The Surprising Findings Through The Surveys
At first, the result of a survey conducted under the custody of UN should be mentioned here.
According to the UN report 2017 Global E-waste Monitoring in 2016 alone, unauthorised or just unwanted electronics has dropped 44.7 million metric tons. There are 4,500 eiffel tower-priced phones, laptops, microbes and TVs. Only 20 percent of this e-waste could not be recycled properly that year. The rebound could possibly be incinerated, pumping pollution in the atmosphere, or its toxic headaches now added to a landfill now with leakage in our soil and water supply.
So the only trashing of our electronics is bad for the environment, but that is definitely not enough to prevent the practice. But what could be enough, the news that the cancelled electronics could be a literal gold mine.
Of course, we already knew electronics that were precious metals besides glass and plastic, although the single smartphone is not so much that consumers buy 1.7 billion devices each year. Just one million people, we get about 75 pounds of gold, 35,000 pounds copper, and 772 pounds of silver.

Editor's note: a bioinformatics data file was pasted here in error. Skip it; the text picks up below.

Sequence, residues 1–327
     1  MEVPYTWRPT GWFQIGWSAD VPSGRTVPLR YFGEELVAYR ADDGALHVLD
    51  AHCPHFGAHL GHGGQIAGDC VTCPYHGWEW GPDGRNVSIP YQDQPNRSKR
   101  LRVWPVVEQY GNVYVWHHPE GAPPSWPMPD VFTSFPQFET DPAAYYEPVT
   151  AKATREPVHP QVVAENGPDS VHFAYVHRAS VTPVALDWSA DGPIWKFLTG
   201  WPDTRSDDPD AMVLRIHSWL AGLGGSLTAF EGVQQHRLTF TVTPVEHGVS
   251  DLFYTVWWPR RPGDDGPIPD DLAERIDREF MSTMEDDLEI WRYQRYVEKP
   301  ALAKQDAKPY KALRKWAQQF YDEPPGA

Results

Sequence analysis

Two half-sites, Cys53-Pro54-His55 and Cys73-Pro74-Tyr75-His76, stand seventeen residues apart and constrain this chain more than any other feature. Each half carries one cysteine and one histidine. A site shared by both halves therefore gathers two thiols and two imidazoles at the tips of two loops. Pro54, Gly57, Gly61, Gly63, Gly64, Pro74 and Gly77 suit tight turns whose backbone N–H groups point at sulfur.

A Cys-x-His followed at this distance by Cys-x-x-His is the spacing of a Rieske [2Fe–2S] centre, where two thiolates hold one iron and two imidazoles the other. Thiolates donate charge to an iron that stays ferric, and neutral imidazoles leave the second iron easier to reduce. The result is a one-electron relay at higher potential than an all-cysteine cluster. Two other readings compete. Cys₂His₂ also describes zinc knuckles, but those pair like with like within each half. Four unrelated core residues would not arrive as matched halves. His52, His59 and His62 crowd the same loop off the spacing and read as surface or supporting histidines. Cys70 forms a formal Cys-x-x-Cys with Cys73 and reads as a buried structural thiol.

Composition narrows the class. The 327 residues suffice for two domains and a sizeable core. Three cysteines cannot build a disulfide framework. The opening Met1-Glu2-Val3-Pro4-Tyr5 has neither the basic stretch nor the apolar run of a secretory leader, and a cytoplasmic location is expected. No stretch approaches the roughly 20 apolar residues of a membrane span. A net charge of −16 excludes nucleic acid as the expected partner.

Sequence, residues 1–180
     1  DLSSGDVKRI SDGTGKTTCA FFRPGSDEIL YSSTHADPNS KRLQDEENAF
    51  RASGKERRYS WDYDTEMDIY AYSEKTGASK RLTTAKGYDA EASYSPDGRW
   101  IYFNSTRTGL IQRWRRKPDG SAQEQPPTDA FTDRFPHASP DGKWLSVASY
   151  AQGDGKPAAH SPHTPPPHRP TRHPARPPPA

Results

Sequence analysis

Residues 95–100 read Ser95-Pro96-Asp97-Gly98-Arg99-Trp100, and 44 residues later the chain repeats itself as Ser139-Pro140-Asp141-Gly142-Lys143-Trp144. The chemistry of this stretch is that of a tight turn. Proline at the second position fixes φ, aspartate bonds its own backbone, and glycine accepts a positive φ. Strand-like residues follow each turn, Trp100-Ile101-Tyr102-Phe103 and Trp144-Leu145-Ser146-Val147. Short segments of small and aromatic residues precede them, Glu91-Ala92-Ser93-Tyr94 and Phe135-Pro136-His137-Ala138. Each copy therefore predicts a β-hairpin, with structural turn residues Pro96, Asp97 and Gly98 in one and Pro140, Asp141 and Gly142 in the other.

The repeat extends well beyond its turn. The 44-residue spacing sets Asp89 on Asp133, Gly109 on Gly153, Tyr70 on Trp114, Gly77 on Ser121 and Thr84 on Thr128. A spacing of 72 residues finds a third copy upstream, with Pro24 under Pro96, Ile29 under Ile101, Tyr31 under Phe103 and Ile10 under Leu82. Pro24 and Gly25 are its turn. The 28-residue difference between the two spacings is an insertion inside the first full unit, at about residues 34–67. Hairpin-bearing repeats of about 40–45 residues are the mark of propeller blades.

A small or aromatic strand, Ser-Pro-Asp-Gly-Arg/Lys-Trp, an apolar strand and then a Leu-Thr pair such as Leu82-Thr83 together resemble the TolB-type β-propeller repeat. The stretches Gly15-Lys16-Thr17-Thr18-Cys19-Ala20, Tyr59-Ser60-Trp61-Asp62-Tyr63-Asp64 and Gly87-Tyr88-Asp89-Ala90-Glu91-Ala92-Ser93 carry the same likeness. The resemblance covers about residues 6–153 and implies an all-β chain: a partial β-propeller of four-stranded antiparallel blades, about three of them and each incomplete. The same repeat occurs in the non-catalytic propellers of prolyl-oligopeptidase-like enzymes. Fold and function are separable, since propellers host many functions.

It’s all added up. But according to a press release from the American Chemical Society, depending on what was mining, it was not economically fit.
To solve this problem, a triangle of researchers from Beijing University of Sinhahua and McKayry University in Sydney, which is now published in Environmental Science and Technology.
First, the researchers collected information from eight recyclable companies in China. They count all the costs associated with the mining gold and copper from the recycled television set – from the payment of materials for the collection of e-waste materials and the buildings it needs to renew.
After they figured out that, they could sell various components into government subsidies and funding companies company companies. Finally, researchers concluded that the total cost of this urban mining was compared to ore mining and that ore mining was 13 times more expensive.
Of course, not every nation has the same subsidies as China, and all costs of recycling will always be the same. But according to the United Nations report, China is the world’s largest producer of e-waste. If the companies in that country see that they can earn money through e-waste mining, it can have a big impact on the overall problem. (3)
Maybe more Chinese companies get the urban mining business. Perhaps the companies of other countries want to start the practice. Or maybe we might think twice what to do with our smartphone once we get your hands on your replacement.
So we can forget panning for gold or extracting copper ore whereas urban mining, is far less expensive than mining them the traditional way. So the most interesting and surprising finding is that, old electronics can be more profitable than the Lantal Gold Mine.